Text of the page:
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Ukraine Has a Problem: Is Russia Starting to Win in the Donbas?

Service members of pro-Russian troops fire from a tank during fighting in Ukraine-Russia conflict near the Azovstal steel plant in the southern port city of Mariupol, Ukraine May 5, 2022. Picture taken May 5, 2022. REUTERS/Alexander Ermochenko

Can Putin Take the Donbas? On day 93 of the Russian invasion of Ukraine, the Russian military is still trying to achieve a breakthrough in eastern Ukraine. However, Russian forces are slowly but steadily moving forward and making some gains. This is a result of a shift in the Russian strategy over the past few days.

Now, instead of going after major envelopments, the Russian forces are focusing on smaller, topical encirclements in the Donbas region.

Fighting in the Donbas 

In its latest estimate of the war, the Institute for the Study of War assessed that the Russian military has been making advances in eastern Ukraine but also suffering some setbacks.

“Russian forces unsuccessfully attempted to advance southeast of Izyum near the Kharkiv-Donetsk Oblast border. Russian forces continued steady advances around Severodonetsk and likely seek to completely encircle the Severodonetsk-Lysychansk area in the coming days. Russian forces continued to make persistent advances south and west of Popasna toward Bakhmut, but the Russian pace of advance will likely slow as they approach the town itself,” the Institute for the Study of War assessed.

The Donbas is critical as the area contains most of Ukraine’s industrial base. The Russian military is expected to continue to apply pressure in the area and take advantage of Ukrainian combat fatigue, casualties, and logistical issues.

The Ukrainian military has performed admirably thus far. But three months of continuous war are bound to take a toll on the Ukrainian forces. Western weapons have revolutionized the warfighting capabilities of the Ukrainian military, but it is hard to replace combat-hardened and experienced troops, and particularly non-commissioned officers, who are the backbone of a military.

“Also in the northern Donbas to the—sort of the northeast part of the—of that Donbas area where they’re fighting, and that’s the line between Severodonetsk and Lysychansk. These are two towns we haven’t really talked about much, but we believe that Russian forces have been able to seize most of northeastern Severodonetsk, even though there’s still fighting going on there. And it looks as if they’re really trying to squeeze off Ukrainian forces that are in that area and down towards Lysychansk. So just something we’re watching,” a senior U.S. defense official said in a press briefing.

Meanwhile, the Russian military continues to consolidate its positions in southern Ukraine, where it has made the biggest gains. Supporting evidence that the Kremlin is seeking to annex the occupied territories of southern Ukraine to Russia, much like it did with Crimea in 2014, the Russian forces are creating additional defensive lines in the area to defend against potential future Ukrainian counterattacks.

“Russian forces in occupied areas of the Southern Axis are reportedly preparing a ‘third line of defense’ to consolidate long-term control over the region and in preparation to repel likely future Ukrainian counteroffensives,” the Institute for the Study of War stated.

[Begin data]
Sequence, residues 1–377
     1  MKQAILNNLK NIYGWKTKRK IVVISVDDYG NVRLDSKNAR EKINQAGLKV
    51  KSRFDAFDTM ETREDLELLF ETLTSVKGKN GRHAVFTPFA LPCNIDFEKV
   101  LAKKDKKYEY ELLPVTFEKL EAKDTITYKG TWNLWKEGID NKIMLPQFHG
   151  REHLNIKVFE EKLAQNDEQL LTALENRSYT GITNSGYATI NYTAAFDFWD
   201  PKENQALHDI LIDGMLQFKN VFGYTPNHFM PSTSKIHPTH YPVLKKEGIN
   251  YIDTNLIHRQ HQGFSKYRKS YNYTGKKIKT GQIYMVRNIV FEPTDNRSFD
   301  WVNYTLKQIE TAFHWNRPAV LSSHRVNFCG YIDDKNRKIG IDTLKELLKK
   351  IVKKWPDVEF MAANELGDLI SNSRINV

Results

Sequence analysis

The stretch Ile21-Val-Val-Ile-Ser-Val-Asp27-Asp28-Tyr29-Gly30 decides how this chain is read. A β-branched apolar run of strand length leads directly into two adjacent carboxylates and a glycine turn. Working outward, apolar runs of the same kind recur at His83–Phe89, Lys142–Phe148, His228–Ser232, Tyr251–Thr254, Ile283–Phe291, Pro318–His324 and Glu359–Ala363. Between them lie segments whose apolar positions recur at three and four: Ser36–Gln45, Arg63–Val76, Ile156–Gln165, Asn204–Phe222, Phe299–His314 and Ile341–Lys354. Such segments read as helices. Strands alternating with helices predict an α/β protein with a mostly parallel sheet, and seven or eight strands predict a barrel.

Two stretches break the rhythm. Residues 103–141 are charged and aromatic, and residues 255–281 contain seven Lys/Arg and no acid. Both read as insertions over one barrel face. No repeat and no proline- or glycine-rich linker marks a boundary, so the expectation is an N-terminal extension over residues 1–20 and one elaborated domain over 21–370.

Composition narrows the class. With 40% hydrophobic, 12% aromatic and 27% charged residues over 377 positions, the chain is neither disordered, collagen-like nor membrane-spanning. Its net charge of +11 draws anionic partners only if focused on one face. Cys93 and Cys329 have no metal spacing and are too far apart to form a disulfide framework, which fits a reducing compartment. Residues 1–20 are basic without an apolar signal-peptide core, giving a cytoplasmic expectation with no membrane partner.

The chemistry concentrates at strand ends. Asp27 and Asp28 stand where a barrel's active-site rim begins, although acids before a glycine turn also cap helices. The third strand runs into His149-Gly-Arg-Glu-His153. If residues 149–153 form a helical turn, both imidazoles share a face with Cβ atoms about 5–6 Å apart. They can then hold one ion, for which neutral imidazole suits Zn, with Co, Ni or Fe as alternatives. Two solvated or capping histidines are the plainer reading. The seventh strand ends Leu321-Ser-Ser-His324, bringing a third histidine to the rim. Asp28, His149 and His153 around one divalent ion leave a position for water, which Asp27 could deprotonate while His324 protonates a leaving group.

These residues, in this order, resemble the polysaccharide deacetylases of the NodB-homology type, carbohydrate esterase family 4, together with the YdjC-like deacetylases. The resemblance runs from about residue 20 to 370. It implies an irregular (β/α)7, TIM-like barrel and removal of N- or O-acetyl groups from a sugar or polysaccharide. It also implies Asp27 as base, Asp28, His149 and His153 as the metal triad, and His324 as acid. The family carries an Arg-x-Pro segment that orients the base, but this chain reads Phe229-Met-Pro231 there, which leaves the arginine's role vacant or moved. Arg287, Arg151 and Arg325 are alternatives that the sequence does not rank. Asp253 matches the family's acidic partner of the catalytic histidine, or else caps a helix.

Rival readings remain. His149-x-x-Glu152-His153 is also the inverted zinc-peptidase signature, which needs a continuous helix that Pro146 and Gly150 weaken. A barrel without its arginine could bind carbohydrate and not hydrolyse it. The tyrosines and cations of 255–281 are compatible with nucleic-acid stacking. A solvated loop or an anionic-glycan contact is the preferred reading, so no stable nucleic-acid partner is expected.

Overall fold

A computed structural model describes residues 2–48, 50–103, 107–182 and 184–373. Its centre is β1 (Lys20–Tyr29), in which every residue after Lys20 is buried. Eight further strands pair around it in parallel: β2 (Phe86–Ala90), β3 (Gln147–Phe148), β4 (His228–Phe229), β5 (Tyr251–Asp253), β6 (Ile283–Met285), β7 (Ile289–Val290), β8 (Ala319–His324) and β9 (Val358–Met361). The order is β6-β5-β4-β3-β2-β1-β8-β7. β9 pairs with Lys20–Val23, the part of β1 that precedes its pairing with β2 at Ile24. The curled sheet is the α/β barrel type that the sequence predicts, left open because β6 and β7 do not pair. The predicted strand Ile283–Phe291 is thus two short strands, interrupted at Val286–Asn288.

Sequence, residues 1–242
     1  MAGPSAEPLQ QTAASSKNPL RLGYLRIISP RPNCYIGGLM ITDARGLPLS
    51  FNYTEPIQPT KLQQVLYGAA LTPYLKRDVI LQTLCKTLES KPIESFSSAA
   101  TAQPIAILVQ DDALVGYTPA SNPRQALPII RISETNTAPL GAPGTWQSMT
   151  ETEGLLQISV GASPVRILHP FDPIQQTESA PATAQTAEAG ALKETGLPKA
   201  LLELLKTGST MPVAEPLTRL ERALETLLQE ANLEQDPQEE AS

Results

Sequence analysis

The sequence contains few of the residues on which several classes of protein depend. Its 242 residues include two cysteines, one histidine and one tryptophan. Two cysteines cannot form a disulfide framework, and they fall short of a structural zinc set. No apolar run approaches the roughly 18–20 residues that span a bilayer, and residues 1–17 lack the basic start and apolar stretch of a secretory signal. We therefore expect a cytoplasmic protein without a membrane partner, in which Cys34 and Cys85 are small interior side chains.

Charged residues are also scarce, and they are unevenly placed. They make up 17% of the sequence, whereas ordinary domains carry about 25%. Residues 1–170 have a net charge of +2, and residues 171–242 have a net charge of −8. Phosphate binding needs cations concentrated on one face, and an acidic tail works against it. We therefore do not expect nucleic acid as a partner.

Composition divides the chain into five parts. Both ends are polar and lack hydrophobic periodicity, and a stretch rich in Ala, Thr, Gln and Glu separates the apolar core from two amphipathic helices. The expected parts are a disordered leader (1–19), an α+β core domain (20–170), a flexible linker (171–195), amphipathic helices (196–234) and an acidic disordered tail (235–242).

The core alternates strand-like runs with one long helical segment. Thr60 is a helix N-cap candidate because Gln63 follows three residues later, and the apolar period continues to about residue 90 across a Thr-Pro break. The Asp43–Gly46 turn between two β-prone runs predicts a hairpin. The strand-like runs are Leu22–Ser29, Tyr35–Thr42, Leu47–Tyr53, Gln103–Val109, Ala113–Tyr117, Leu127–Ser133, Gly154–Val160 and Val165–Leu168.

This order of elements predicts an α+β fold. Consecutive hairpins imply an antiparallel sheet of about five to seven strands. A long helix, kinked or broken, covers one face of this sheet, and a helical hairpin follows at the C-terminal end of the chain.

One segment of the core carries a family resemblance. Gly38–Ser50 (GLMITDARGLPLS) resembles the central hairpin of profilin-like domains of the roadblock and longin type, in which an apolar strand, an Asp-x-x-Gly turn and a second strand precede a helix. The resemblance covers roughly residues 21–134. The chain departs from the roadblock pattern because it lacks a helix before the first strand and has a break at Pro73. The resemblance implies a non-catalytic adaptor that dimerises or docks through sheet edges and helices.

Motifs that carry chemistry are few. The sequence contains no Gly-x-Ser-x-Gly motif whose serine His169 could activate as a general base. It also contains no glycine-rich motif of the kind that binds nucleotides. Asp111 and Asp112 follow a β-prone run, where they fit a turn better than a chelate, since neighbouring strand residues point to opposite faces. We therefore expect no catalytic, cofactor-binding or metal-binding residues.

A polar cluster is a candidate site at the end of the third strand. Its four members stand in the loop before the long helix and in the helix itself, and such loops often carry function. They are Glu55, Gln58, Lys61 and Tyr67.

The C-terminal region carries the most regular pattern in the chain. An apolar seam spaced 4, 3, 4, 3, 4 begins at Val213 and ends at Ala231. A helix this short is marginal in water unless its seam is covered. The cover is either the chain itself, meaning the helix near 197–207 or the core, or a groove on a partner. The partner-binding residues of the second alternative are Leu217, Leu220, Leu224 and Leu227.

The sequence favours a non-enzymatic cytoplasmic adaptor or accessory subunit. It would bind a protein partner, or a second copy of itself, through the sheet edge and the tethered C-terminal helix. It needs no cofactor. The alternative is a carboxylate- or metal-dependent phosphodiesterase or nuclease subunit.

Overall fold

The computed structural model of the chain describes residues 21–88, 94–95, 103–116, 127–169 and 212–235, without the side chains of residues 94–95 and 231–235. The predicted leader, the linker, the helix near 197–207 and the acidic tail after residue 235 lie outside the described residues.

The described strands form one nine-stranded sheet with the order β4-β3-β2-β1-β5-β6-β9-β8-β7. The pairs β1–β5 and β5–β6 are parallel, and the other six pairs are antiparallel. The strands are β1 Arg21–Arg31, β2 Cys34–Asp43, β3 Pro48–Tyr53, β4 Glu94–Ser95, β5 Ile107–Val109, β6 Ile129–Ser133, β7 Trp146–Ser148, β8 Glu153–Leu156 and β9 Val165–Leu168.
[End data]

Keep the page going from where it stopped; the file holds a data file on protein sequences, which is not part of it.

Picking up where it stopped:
Beyond Donbas: Russian Casualties and Forces in Ukraine 

The Pentagon assesses that there are 110 operational battalion tactical groups, approximately 80 percent of the Russian combat capability, inside Ukraine, with the southern Russian grouping having the largest amount of these task forces; the western, central, and eastern groupings have a roughly equal number of battalion tactical groups. In some places, the Russian military has managed to achieve a 7 to 1 numerical superiority, according to the Ukrainian Ministry of Defense.

The Ukrainian Ministry of Defense claimed that as of Friday, Ukrainian forces have killed approximately 29,750 Russian troops (and wounded approximately thrice that number), destroyed 206 fighter, attack, and transport jets, 170 attack and transport helicopters, 1, 322 tanks, 623 artillery pieces, 3,246 armored personnel carriers, 201 Multiple Launch Rocket Systems (MLRS), 13 boats and cutters, 2,226 vehicles and fuel tanks, 93 anti-aircraft batteries, 503 tactical unmanned aerial systems, 48 special equipment platforms, such as bridging vehicles, and four mobile Iskander ballistic missile systems, and 115 cruise missiles shot down by the Ukrainian air defenses.

Although the Pentagon won’t verify the Ukrainian claims, a senior U.S. defense official said on Thursday that the U.S. military has evidence of high Russian casualties.

“We believe they’ve lost or rendered inoperable almost 1,000 of their tanks in this fight. They still have a lot left available to them. But we think they lost nearly about 1,000. They’ve lost well over 350 artillery pieces. They have lost almost three dozen fighter bomber fixed-wing aircraft and more than 50 helicopters. But, again, they still have a lot of capability left to them, as we have been talking about,” the senior U.S. defense official said.

1945’s New Defense and National Security Columnist, Stavros Atlamazoglou is a seasoned defense journalist specializing in special operations, a Hellenic Army veteran (national service with the 575th Marine Battalion and Army HQ), and a Johns Hopkins University graduate. His work has been featured in Business InsiderSandboxx, and SOFREP.

1945’s Defense and National Security Columnist, Stavros Atlamazoglou is a seasoned defense journalist with specialized expertise in special operations, a Hellenic Army veteran (national service with the 575th Marine Battalion and Army HQ), and a Johns Hopkins University graduate. His work has been featured in Business Insider, Sandboxx, and SOFREP.